I mean, when you’re not traveling, you cutting down on your commute, cause when you’re not out eating at lunch or whatever at your job, going to the Raising Cane’s or whatever for your job, you’re saving money. And people have had like some extra money during this pandemic, and people want to look for things that they care about to support.

And so I decided with Past Due, the album I released last year, I wanted to give people a chance, and see how this worked out, give people a chance, who wanted to support to album, a month ahead of time, the opportunity to own the album, before it hits streaming sites. And those people really showed up during that time. So I was like, okay, this is the way to do it because like, I can put it on streaming and okay, let’s say it goes crazy. It still won’t generate the amount of revenue. And by go crazy. I mean let’s say each track got a thousand plays. So we’re talking about a six track album, getting 6,000 plays.

K Carter: Then we made 40 bucks if that happens. [Laughs]

Tino: And one of the reasons we did it is because if we did a simultaneous release, people would just go, “Oh well I got Spotify already. I’m not going to go through the hassle of going through Bandcamp.” So the release, it gives the people who wanted to support an opportunity to have the music to themselves for a whole month ahead of time. So, they may transition to listening to it over on Spotify because it’s a lot easier to throw it in the playlist or something like that for the summer, but they got a chance to get value out of it, that a person who didn’t put the money behind it, did not.

Also, see, after a certain amount of plays, Bandcamp locks you out. You can listen to the album maybe four or five times but after that it’s like okay it’s time to open your heart and your wallet to the artist at this point.

K Carter: So I know on my end like Tino said, I don’t have a Bandcamp. So, from all my albums that’s been out, it’s always been streaming: Spotify, Tidal, Apple. Because my thing was, I’m trying to get it out to as many people as I can, how can I spread it the best way I can? I knew nothing about Bandcamp. So I was never… I was always expecting not to really make money because with those services, you don’t get paid off a lot of plays. So I’m always releasing albums in the past expecting not to make any money.

So when he did the Bandcamp thing, he had the idea about it, I was like, “Well, I’m all for it, if somebody bought one album it’ll be more than what I made off streaming.” So also, I saw how Bandcamp has a name your own price situation and I was like, oh, I love that. Because those who support, they may pay 20 dollars, somebody may pay, whatever it is, doesn’t matter. But seeing the name your own price for it, put how you feel the project is and so I know me personally now, from here on out, I’m about to set me up a Bandcamp account, I’m going Bandcamp. I’m doing this now.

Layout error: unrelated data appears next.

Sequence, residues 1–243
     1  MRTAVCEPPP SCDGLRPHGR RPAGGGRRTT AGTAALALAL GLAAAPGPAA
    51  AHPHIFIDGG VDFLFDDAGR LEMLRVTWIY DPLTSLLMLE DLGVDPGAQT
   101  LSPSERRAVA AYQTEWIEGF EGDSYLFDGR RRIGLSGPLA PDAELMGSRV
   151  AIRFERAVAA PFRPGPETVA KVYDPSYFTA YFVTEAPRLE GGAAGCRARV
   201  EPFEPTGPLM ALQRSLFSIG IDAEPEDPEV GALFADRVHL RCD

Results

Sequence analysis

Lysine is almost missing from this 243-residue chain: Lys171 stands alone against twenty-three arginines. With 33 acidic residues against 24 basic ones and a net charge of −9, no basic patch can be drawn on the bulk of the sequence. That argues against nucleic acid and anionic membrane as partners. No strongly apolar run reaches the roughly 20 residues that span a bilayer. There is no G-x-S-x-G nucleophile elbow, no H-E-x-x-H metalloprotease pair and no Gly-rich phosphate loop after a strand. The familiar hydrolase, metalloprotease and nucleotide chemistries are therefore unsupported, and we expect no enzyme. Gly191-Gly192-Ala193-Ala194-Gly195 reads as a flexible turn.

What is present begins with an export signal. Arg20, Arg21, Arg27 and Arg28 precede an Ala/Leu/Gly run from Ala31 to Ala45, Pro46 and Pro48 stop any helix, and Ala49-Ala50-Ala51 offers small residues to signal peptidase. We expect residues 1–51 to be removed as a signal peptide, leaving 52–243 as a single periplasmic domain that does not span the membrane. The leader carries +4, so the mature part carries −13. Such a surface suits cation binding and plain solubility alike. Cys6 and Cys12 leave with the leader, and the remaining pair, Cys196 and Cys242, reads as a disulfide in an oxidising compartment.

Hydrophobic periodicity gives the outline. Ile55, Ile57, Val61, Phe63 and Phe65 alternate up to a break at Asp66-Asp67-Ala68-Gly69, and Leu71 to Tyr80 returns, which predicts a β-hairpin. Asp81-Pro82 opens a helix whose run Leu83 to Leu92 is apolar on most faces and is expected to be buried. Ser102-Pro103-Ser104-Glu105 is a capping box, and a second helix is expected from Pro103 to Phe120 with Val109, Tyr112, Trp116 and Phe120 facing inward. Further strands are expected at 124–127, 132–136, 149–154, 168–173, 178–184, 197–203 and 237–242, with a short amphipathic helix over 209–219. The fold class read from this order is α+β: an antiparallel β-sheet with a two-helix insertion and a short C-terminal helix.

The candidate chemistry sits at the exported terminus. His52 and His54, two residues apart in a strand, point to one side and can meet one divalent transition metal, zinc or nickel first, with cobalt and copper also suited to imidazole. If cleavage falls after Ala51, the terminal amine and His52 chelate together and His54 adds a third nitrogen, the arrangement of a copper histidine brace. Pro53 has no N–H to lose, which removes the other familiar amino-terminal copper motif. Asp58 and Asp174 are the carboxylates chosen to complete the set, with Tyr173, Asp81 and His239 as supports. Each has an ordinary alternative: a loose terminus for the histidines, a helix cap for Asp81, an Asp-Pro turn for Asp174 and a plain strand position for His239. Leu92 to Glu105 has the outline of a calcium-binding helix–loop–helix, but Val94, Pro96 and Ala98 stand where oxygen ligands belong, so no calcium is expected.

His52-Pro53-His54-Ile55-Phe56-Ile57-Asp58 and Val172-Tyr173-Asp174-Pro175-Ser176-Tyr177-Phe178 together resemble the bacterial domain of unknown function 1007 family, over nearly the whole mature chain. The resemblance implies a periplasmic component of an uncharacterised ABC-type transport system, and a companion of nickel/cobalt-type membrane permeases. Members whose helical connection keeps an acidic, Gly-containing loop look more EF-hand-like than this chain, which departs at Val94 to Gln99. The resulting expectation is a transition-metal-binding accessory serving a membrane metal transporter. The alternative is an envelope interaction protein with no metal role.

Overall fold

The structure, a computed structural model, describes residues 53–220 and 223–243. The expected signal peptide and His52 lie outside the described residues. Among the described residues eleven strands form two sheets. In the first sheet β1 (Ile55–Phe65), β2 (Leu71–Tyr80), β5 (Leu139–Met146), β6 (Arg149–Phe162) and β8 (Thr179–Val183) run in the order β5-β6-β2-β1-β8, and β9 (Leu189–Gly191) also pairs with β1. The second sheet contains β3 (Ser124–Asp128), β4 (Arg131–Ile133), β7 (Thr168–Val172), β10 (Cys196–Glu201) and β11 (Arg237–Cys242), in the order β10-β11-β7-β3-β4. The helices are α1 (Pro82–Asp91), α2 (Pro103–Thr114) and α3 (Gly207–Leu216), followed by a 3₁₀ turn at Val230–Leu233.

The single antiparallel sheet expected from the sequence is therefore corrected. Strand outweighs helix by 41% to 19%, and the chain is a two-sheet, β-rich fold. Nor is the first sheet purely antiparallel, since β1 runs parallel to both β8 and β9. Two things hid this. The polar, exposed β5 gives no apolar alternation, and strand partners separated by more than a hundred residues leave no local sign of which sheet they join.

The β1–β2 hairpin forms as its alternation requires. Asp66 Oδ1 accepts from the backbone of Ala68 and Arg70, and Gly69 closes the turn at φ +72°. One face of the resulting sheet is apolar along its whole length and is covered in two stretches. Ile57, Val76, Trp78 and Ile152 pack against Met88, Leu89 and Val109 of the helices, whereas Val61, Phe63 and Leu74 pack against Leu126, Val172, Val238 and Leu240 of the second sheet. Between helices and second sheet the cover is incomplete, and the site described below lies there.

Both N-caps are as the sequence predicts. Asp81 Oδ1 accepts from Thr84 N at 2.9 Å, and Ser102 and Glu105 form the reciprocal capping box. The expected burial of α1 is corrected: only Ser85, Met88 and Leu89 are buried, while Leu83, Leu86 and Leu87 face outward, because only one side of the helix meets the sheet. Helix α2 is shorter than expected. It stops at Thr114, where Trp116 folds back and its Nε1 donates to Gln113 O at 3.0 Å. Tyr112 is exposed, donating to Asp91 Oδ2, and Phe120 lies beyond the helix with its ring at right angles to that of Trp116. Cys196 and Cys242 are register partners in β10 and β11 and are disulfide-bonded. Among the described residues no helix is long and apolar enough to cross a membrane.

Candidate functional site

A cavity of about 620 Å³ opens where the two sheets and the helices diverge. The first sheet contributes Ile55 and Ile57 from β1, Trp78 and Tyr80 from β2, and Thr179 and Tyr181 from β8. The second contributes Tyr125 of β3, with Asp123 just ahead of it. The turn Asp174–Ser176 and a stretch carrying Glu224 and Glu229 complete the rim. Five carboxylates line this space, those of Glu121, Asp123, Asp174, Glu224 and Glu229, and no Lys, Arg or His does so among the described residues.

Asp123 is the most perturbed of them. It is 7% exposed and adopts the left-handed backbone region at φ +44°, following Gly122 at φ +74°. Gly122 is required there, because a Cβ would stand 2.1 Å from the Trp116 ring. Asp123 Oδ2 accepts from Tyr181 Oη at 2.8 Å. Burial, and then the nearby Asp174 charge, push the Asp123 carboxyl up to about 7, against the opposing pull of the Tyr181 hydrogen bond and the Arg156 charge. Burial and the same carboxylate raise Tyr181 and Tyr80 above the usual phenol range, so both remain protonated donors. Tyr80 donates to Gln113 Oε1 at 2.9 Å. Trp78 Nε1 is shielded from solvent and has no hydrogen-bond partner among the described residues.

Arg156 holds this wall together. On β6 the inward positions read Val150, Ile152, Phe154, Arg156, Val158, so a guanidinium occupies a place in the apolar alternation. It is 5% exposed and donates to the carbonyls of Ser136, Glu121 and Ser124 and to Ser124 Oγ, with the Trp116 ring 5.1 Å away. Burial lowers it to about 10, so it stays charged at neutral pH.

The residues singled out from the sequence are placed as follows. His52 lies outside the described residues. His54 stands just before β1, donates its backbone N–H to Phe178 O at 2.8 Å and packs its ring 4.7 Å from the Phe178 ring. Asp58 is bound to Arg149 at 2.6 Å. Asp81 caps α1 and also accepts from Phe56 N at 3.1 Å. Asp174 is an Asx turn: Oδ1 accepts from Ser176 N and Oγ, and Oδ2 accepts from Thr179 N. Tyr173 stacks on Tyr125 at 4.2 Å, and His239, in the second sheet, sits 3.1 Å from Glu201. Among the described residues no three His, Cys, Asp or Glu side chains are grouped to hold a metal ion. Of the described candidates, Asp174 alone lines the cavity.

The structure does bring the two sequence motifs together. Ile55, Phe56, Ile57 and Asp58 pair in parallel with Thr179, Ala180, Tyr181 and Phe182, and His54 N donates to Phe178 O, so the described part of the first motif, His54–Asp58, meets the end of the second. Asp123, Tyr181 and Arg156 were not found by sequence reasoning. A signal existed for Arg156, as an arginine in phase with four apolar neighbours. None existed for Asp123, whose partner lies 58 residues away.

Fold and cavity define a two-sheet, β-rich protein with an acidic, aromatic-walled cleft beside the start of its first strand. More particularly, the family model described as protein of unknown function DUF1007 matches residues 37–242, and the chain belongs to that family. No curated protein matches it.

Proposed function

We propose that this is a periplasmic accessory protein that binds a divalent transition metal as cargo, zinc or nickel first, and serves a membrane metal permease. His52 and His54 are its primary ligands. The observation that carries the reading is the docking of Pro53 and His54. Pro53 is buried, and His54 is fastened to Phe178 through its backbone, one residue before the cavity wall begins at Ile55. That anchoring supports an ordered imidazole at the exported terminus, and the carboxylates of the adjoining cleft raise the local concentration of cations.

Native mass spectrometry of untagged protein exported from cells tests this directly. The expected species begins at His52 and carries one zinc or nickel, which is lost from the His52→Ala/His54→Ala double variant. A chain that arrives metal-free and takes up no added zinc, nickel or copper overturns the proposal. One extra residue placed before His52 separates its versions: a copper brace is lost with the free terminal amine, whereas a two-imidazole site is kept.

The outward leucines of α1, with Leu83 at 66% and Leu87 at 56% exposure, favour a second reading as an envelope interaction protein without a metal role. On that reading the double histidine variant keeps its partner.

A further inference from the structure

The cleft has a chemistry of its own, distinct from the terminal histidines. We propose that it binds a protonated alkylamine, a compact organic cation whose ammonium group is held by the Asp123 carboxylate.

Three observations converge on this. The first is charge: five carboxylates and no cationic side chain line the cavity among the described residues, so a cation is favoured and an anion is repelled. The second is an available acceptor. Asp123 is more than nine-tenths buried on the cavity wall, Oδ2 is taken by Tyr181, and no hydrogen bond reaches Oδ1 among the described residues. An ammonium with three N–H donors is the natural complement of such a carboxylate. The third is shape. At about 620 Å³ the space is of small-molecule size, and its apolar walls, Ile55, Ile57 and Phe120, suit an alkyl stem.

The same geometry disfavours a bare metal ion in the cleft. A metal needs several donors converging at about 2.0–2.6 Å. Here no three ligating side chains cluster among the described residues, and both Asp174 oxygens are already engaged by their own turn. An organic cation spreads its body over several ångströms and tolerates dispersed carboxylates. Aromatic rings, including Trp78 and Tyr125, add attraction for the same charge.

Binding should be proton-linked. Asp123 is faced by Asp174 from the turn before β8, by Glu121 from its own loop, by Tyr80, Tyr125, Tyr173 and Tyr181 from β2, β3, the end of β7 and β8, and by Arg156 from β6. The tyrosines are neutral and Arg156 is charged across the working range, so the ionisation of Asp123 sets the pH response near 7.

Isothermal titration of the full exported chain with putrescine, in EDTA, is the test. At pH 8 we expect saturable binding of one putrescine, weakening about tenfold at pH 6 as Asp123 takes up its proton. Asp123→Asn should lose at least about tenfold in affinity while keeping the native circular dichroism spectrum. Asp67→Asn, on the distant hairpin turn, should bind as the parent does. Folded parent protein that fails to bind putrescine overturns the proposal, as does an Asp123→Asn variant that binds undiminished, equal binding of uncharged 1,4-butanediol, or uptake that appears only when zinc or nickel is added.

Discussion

But you know, like Tino said, me learning his marketing skills and his marketing genius is just, it’s been helpful for me. So I’m riding that wave. I’m about to go to Bandcamp and start releasing my stuff on there and doing the exact same thing we did for Safe Money.

And you guys were the number two album on Bandcamp after the album dropped. What was it like to check those charts and see that kind of response so quickly?

Tino: It was awesome just to know that people were actually out there supporting, going to buy the album and that excitement around people wanting to purchase the album. It was actually giving me strength when I was in the hospital. (Laughs) I was like, “Man, we got stuff to do out here. We cannot let this Covid beat us. There’s people out here who really love what it is that you do. So, we got to get up out this way because we’re number two, in Ohio, in all of Ohio.”

In Dayton, we were number one after like two days because there was like Dopamines‘ (punk rock band from Cincinnati, OH) album that was beating us out. And, at one point, I think we did get the number one. Because we were right behind Illogic (Columbus hip hop MC). So we were like one and two with Illogic. And he’s a legend in Ohio.

K Carter: I know me, I don’t know much about Bandcamp. So when I saw that we was number two, and number one, this was just an amazement, seeing that people actually rock with it. You know, they actually liked it. So I was ecstatic. I was like a little kid in a candy store so I was super happy.